The time—the 1670s AD. The place—the Convent of Paray-le-Monial, France. Jesus has given a nun of the Visitation Order a number of revelations of His Sacred Heart. These revelations were meant to show men the depth of His love for us, and to get us to return this love. These apparitions were capped by a number of promises Our Lord gave to her for the whole world. He said that this was to be his last attempt to appeal to us to come to him.
In a book I read over twenty years ago about these apparitions to St. Margaret Mary, there was a section I have never seen in any other book, but this section is very important for world historical events, and was probably not included in other books because it did not relate to the personal spirituality of the normal reader. Unfortunately, I do not remember the name of the book, nor have I come across it again since then.
What was so important in this book? Our Lord told St. Margaret Mary that if the king of France, Louis XIV at the time, would put the emblem of His adorable Sacred Heart on his shields and banners, there would be nothing He would not do for him! The message was relayed to the king, but the king would not do it. This same king gave St. Louis de Montfort a hard time by making him take down a large Calvary he had set up after a mission in a French town.
The time—1789–1799. The place—France. Forces of the so-called Enlightenment were festering for a long time. These forces, mostly intellectual, proclaimed that reason was the only source of truth, that the Church was a blight on French society, and that a new society had to come about. This resulted in the French Revolution, a shameful period in French history where Catholicism was scoured from French society, a prostitute was enthroned in Notre Dame Cathedral as the Goddess of Reason, and many, many clergy, religious, nobles and commoners were put to death. Priests and bishops who refused to sign the Civil Constitution of the Clergy, which essentially gave control of the French Church to the government, were either exiled or hunted down like rabbits as they secretly tried to minister to their flocks. The main resistance came from the western part of France—the exact part of France where St. Louis de Montfort did most of his missionary work one hundred years prior. The armies of the Vendée, as this section of the country was called, put the emblem of the Sacred Heart of Jesus on their shields and banners.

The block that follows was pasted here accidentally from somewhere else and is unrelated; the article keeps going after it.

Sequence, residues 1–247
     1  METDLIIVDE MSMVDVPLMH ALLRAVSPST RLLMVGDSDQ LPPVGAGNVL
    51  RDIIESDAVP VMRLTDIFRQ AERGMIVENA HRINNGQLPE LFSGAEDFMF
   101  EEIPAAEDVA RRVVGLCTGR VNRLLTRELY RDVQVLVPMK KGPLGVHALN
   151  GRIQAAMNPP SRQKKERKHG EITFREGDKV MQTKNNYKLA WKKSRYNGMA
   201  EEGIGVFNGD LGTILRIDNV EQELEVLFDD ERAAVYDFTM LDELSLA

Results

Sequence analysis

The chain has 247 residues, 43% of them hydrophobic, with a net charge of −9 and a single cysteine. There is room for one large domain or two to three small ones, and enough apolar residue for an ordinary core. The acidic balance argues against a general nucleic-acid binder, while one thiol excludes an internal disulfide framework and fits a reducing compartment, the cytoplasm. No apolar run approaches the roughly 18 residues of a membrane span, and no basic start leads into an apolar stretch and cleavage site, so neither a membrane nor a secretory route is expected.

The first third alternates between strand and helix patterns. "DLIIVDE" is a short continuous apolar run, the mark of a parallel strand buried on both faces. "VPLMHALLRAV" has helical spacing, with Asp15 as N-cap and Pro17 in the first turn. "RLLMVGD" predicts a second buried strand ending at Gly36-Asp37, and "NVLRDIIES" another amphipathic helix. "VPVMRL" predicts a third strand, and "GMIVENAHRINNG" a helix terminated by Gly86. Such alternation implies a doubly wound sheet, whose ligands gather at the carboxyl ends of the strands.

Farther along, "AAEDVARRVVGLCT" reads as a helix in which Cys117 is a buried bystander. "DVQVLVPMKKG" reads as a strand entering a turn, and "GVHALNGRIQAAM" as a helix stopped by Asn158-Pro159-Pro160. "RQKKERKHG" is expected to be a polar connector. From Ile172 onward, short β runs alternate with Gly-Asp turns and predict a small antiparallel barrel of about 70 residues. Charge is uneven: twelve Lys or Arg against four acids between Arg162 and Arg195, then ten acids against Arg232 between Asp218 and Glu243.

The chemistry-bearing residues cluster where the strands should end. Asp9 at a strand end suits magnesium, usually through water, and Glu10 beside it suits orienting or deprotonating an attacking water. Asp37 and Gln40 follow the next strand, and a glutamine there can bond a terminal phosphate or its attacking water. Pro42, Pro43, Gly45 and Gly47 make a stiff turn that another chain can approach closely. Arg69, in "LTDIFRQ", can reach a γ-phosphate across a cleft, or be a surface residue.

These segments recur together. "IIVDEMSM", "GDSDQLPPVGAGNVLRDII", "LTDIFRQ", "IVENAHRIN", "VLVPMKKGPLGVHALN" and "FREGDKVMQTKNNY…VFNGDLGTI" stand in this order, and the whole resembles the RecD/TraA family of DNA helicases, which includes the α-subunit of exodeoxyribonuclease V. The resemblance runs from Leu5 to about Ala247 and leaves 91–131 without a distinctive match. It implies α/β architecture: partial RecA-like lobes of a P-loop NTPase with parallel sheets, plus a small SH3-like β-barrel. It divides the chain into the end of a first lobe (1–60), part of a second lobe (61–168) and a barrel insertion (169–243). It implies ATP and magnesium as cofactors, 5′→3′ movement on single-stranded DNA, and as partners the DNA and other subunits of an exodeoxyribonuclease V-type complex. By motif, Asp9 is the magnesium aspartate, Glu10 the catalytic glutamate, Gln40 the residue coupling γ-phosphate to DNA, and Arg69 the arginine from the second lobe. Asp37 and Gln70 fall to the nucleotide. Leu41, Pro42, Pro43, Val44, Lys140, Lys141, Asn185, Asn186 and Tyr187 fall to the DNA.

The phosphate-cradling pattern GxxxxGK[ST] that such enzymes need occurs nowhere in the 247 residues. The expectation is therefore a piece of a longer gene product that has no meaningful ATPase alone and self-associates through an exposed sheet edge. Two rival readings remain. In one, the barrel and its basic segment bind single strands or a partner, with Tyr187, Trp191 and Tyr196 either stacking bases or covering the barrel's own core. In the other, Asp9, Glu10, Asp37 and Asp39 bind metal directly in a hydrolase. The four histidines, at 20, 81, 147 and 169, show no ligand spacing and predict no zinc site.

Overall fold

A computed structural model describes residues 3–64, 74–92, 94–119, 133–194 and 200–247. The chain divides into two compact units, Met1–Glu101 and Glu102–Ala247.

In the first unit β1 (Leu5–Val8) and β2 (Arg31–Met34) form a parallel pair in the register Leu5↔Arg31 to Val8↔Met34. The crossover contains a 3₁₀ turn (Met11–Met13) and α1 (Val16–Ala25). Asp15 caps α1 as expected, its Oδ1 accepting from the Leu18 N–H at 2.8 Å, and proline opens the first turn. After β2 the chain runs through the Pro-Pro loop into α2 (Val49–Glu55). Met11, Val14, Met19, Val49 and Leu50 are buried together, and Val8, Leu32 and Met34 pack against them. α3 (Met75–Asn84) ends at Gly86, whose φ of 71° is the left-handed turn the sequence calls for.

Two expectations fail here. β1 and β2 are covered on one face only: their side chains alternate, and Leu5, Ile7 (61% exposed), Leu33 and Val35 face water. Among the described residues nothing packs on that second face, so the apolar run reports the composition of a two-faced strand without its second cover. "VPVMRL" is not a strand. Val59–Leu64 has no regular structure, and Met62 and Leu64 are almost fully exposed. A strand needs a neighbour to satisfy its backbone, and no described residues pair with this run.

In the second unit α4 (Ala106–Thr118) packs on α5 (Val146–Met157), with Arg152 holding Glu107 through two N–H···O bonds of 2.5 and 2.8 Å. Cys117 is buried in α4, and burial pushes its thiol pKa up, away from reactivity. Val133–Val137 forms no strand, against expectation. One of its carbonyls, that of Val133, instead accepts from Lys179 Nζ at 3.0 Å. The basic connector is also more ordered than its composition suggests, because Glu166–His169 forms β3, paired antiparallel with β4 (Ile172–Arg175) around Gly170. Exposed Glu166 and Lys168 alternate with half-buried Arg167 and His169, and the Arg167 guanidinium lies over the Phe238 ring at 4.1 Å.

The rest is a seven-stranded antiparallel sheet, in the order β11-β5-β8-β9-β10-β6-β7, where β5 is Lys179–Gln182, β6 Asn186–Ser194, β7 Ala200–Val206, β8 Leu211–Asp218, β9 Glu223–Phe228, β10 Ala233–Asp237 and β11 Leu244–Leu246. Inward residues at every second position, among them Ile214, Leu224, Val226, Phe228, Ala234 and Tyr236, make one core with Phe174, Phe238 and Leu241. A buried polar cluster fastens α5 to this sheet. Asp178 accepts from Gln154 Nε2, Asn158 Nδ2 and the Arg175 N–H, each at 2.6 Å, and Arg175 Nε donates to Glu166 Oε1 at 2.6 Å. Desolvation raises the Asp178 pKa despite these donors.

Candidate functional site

Eventually, the king, this time Louis XVI, was executed and the valiant resistance of the Vendée was put down by a general named Napoleon, who, in 1799, staged a coup, became dictator, and forced the pope to crown him Holy Roman Emperor. Napoleon engaged Europe in warfare for the sake of power and territory to satisfy his megalomaniac desires until 1815, bringing endless suffering and death to the continent.
France repented for a time, and there was a Catholic restoration, which had its ups and downs until 1870, the time of the Paris Commune, which was an attempt to hold a communist revolution in Paris. In reparation for the Commune and even for the failure of Louis XIV to put the Sacred Heart of Jesus emblems on his shields and his banners, the French approved the building of a beautiful basilica on the spot of a major location of the events of the Paris Commune. Incidentally, it was on the spot where St. Ignatius of Loyola and his early followers used to meet and St. Ignatius used to say Mass for a time after his ordination. This beautiful church is called Sacra Coeur (Sacred Heart). It was finally consecrated just after World War I.